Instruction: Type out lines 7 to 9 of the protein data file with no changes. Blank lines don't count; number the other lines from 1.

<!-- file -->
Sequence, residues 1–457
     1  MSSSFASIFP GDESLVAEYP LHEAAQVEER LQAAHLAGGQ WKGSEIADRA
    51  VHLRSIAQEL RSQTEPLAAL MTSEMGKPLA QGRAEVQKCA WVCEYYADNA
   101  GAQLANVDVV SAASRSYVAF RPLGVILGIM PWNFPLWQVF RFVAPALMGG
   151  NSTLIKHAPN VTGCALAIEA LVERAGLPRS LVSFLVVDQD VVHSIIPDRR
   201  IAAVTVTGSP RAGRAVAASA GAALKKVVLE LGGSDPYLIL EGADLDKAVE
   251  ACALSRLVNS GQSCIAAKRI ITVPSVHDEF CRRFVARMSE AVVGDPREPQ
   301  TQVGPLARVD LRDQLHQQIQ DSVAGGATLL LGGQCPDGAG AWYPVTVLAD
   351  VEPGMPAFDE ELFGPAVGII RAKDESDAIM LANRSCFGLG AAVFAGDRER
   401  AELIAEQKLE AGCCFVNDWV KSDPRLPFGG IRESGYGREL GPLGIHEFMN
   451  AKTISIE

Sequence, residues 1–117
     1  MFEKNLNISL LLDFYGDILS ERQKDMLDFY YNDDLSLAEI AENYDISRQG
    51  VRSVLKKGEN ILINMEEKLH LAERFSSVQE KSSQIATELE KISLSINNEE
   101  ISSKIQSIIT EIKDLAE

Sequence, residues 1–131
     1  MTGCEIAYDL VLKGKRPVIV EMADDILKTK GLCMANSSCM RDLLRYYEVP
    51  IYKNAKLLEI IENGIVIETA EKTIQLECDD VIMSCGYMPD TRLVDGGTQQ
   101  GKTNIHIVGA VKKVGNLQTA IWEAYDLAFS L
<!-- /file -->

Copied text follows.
   251  ACALSRLVNS GQSCIAAKRI ITVPSVHDEF CRRFVARMSE AVVGDPREPQ
   301  TQVGPLARVD LRDQLHQQIQ DSVAGGATLL LGGQCPDGAG AWYPVTVLAD
   351  VEPGMPAFDE ELFGPAVGII RAKDESDAIM LANRSCFGLG AAVFAGDRER